You would need another 80% of your time/energy/money to reach the last 20% of your score, but this is not necessary for 95% of all tasks.
This important principle was developed by the economist Vilfredo Pareto (1848-1923). He found out that many tasks can be completed with a resource input of about 20% so that 80% of all problems are solved. This 20/80 distribution can also be found in many distributions. For example, about 20% of humanity owns 80% of the assets, 20% of customers often provide 80% of the turnover, 20% of products provide 80% of sales, etc.
Make use of this insight to use your energy efficiently, both in your professional life and in your private everyday life.
At any given moment there are only a few important tasks
At any given time, there are always only a small number of tasks that are urgent and important. At the same time, there is always any number of tasks that are unnecessary, but which one would like to do in order to have the satisfying feeling of being “busy”.
Think about your work for a moment: If you add up all the time that you are really productive in a day, how many hours or minutes does it add up to? How much time do you waste on things that are neither important nor urgent and don’t help your company and customers at all? Meetings, reading, answering and sorting e-mails, searching for documents, reading reports, etc. What is the tangible result at the end of the working day where you think: It was worth going to work for?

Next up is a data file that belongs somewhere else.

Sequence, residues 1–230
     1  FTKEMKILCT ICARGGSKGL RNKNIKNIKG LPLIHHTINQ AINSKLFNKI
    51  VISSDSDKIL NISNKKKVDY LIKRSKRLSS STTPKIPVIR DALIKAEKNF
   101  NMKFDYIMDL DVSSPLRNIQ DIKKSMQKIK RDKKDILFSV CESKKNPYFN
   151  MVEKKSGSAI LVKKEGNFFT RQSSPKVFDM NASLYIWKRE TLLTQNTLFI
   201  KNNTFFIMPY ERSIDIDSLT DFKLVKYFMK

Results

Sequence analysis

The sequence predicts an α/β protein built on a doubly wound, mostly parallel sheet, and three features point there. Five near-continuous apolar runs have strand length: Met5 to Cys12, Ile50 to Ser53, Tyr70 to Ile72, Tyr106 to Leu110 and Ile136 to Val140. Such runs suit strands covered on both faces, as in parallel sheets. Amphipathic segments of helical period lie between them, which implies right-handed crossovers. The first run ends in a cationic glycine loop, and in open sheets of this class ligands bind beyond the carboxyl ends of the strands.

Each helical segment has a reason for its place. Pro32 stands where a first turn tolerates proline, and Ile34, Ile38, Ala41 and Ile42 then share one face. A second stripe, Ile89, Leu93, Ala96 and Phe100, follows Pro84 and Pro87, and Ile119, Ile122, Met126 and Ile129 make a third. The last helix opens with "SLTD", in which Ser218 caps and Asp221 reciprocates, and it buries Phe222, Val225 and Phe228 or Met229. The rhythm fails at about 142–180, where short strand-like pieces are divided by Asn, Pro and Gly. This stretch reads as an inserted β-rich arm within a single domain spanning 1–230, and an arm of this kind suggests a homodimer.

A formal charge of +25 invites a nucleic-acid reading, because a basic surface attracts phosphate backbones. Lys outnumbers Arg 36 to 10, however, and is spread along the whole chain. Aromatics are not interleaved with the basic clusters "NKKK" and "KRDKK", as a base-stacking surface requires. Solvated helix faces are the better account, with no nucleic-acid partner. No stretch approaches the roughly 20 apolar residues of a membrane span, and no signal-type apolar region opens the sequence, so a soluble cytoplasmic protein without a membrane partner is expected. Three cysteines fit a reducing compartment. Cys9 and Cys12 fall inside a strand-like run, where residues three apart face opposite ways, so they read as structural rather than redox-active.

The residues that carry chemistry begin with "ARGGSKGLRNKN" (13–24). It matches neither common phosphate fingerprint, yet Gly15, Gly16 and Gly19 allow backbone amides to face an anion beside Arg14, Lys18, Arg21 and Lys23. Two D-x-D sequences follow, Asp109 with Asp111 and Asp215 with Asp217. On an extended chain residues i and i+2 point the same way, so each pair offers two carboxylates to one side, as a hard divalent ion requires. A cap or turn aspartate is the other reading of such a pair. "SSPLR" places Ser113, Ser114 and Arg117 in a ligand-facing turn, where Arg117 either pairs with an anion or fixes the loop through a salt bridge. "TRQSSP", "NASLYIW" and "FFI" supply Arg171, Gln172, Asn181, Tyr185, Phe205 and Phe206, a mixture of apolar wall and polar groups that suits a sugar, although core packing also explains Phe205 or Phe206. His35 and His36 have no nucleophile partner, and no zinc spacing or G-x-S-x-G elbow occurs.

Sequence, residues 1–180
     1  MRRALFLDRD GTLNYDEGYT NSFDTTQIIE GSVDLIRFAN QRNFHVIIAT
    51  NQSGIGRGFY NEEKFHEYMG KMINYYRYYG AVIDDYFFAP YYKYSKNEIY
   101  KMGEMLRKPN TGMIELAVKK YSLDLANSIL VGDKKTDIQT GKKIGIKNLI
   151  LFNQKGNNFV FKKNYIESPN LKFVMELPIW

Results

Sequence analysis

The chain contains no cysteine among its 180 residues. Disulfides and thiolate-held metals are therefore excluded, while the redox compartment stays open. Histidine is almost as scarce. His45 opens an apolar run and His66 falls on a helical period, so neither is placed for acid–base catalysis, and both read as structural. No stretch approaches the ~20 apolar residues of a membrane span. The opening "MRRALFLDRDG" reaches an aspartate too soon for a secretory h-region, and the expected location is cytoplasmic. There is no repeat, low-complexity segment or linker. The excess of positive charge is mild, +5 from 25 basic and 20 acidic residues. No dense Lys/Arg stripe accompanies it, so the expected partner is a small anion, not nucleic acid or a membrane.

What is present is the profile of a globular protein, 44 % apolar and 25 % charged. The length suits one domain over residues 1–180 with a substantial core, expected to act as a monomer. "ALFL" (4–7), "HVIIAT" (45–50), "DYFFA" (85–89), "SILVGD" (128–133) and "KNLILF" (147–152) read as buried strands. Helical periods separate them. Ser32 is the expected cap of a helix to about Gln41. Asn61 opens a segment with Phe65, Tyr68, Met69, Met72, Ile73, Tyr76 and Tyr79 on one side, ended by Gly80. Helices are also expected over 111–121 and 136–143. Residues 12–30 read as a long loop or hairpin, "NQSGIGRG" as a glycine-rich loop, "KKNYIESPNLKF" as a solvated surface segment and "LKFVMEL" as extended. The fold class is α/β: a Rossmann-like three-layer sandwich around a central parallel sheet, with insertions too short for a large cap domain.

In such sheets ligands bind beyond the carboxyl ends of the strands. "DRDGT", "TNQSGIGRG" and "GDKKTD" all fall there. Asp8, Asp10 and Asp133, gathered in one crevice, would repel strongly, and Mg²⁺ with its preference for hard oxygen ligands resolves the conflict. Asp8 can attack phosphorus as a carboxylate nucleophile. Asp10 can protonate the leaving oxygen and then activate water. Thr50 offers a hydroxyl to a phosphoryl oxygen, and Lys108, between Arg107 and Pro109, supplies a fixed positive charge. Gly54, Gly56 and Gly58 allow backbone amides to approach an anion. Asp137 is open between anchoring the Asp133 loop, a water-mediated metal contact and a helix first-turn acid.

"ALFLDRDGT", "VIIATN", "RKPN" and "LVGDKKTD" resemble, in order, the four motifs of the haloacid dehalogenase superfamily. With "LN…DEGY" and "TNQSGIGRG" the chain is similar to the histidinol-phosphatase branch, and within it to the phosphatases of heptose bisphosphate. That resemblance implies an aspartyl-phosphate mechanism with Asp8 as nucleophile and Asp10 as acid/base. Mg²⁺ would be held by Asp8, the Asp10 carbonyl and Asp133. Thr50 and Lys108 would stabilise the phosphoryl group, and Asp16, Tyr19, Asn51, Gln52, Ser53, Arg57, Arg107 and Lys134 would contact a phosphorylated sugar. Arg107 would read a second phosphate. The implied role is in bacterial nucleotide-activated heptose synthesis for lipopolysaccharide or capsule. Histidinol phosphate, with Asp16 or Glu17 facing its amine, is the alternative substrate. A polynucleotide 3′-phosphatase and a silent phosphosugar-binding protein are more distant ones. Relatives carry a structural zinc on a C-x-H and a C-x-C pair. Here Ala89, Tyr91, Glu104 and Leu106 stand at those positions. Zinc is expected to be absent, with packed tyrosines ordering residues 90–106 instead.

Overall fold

Unfortunately, in many cases, this is little or nothing. This is partly due to work habits but usually also to a large extent to the work organisation and culture of the employer. You can improve your actions. you cannot change your employer, but you can leave of course. And that’s exactly what I recommend to do in that order: Improve your actions at work to be more effective in your job and to gain more time for yourself and your own business idea. And only quit when you feel confident to get on with your new job. This way you improve your work habits first and use the safety of your current job as a launchpad into your own business.
How much time do you need for your business idea?
It has proven to be a good idea to start small and to slowly increase the amount of work for your own business idea. This allows you to gradually free up time for yourself – both privately and at work – and there is also less to do at the beginning than later, when your business is slowly taking shape.
For the 120-Days-Challenge I´ve developed you only need one hour a day for the first three weeks, From the fourth week on, you will need two hours on a few days and from the third month on, three hours sometimes. I always keep the weekends free so that you can fully concentrate on your family and hobbies, relax, and clear your head. The 120-Day-Challenge should be a fun challenge and motivate you to continue to implement your plan successfully. Because I don’t want to send you from one hamster wheel to the next!